One old gentleman even mentioned the ease of putting on his pants!
Describe the various ways Zeen may be important for rehab — and who may benefit.
Rehab protocols include those involving mobility and those related to other aspects of life. Many rehabilitation accessories and safety features are adaptable to the inherently safe and dramatically mobile Zeen platform, so patients can be more independent, and therapists are freed up to attend to other tasks.
Are there any hazards to watch out for when Zeening?
Yes. Certainly. As with any human activity, excess exuberance or carelessness can be dangerous. One would have to work much harder to tip over a Zeen than a walker or wheelchair, but a certain amount of caution is prudent:
- You can safely lean as far forward, backward or sideways as you like, but don’t, for example, back up rapidly in Barstool Mode without scouting in advance for obstacles that might trip you up.
- When walking uphill or down, slightly lower your saddle height so your feet have better traction. Likewise when stepping on or off a curb. Either is easy if you first lower the Zeen saddle about as much as curb height. Then negotiate the curb in a standing position, stepping up or down while appropriately lifting up or lowering the front of the Zeen. The rear wheels will simply follow up and over as they get to the curb.
- When approaching ramps, hills and curbs, lower the saddle height; and keep both hands on the brake levers when coasting! In fact, don’t ever coast downhill at high speed! If you encounter a slope, up, down or sideways, just walk — with the saddle lowered enough to give you good traction — and keep your hands on the brake levers. Bringing the Zeen along with you will not be difficult and it will continue to protect you from falls!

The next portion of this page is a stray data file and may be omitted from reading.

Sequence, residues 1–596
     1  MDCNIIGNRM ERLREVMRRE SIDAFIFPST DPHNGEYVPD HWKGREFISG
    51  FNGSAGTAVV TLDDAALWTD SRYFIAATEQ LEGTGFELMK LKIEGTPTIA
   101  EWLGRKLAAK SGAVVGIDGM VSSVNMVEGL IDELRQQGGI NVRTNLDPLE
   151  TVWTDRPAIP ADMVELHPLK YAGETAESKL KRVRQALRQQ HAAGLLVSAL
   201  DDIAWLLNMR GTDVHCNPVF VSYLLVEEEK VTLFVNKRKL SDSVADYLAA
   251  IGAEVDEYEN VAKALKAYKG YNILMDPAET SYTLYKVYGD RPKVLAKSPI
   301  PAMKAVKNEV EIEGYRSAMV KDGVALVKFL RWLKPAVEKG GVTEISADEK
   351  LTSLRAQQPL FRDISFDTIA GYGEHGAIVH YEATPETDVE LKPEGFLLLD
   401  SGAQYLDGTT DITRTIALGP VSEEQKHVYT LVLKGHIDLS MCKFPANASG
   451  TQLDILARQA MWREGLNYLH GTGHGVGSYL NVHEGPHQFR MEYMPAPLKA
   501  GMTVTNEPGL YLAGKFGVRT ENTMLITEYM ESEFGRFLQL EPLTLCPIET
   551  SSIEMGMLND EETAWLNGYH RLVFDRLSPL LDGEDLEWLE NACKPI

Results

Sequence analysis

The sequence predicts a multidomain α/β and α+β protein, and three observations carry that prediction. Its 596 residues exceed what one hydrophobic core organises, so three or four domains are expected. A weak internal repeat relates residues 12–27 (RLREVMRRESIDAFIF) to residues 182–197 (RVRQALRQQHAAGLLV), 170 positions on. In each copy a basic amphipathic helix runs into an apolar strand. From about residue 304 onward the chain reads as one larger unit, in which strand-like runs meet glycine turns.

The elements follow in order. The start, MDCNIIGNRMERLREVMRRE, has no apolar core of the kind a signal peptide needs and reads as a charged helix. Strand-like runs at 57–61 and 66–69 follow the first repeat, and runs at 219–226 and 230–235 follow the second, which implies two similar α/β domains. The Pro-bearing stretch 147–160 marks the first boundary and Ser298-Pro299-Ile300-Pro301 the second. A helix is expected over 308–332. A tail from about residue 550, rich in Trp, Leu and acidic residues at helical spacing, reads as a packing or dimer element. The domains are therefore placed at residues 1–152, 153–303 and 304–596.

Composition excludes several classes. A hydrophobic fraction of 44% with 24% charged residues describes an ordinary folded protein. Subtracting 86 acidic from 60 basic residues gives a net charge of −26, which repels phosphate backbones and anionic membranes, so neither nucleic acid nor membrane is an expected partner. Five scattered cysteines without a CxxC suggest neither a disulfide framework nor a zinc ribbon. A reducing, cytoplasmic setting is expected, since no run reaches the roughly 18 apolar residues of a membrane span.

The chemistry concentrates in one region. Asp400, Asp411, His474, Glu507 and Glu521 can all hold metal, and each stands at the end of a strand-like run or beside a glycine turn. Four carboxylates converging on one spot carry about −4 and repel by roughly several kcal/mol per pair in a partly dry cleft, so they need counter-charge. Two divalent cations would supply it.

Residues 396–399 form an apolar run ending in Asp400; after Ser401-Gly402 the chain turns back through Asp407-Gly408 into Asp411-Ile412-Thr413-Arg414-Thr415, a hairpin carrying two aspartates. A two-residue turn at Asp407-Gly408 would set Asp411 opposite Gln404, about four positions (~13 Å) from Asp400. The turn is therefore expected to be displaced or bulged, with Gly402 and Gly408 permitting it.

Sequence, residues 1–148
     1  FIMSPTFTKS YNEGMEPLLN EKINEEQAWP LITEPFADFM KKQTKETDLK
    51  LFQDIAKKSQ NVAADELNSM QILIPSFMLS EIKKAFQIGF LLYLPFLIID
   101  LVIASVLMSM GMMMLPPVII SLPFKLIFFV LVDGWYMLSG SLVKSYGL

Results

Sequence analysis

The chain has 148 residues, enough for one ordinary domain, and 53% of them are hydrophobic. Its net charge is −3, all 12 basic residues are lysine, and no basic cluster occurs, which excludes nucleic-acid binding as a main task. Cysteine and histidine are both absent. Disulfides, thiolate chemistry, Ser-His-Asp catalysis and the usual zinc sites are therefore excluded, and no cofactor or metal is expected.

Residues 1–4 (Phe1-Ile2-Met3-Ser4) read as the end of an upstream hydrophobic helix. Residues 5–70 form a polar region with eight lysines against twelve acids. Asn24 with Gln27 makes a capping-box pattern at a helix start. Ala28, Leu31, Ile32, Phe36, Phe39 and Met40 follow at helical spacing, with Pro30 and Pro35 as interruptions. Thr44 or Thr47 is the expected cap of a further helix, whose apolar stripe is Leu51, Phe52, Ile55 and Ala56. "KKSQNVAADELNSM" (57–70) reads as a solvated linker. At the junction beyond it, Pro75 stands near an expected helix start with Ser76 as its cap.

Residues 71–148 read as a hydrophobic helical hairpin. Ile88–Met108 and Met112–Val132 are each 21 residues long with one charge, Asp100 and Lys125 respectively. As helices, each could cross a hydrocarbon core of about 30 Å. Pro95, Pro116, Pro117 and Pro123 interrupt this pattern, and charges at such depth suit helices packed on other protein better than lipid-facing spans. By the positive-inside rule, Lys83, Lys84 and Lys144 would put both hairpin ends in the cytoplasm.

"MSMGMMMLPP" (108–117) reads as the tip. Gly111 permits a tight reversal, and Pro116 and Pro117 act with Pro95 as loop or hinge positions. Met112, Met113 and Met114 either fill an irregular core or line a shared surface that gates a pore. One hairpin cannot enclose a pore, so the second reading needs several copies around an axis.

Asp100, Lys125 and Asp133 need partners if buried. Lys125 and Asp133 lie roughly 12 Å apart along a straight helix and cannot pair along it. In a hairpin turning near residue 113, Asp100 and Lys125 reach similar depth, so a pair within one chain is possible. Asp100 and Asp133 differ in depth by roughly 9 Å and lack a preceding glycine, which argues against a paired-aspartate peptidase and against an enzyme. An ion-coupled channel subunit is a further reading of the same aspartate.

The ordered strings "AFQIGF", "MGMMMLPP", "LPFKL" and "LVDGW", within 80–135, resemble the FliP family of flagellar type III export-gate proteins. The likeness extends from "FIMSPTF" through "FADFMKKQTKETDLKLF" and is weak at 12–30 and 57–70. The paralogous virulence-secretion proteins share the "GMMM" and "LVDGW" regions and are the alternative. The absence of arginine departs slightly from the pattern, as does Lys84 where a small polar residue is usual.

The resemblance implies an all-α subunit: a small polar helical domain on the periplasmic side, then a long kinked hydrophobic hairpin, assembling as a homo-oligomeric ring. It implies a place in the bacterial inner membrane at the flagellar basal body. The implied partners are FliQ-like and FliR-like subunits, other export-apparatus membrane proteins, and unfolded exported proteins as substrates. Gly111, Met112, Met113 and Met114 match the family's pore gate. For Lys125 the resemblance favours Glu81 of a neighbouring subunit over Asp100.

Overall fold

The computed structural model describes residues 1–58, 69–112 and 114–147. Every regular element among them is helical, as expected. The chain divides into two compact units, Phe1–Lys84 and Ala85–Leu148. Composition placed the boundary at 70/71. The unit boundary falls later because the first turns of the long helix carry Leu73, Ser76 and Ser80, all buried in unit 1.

Can Zeen go up or down steps?
That’s a tough one. We’re working on that of course, but don’t try it with your Zeen!
Can a Zeen be used outdoors? What about hills, curbs, rough ground, rain, snow, ice, high wind, etc.?
See ‘hazards’ above for tips on hills and curbs. Lightweight or Residential Zeen models with pneumatic tires can definitely be of use outdoors, even on gentle hills if you have the core strength to propel them up over rough ground.
Even if unsteady at ambulating, such as from disease or stroke, the Zeen will still protect you from falling unless you undertake a hill that’s too steep for braking, or a side slope that’s too extreme for the walking ability you retain. (Common sense and your accumulating Zeen experience will be your reliable guide.)
Rain is no particular obstacle if the ground is smooth since Lightweight Zeens are waterproof, and with a seatbelt it’s easy enough to devote one hand to your umbrella.
We would definitely not recommend riding a Zeen in snow, ice or high wind.
-Can Zeen can be stowed in a car?
The Zeen folds laterally with one upward pull to be 33" long x 39" tall x 10" wide folded.